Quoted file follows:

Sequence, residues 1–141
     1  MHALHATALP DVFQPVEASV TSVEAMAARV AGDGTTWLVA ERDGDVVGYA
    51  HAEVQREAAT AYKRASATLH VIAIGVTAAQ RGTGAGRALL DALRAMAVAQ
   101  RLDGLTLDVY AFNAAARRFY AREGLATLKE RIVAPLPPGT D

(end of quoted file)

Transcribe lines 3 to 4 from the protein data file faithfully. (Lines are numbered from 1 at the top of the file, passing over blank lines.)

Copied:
    51  HAEVQREAAT AYKRASATLH VIAIGVTAAQ RGTGAGRALL DALRAMAVAQ
   101  RLDGLTLDVY AFNAAARRFY AREGLATLKE RIVAPLPPGT D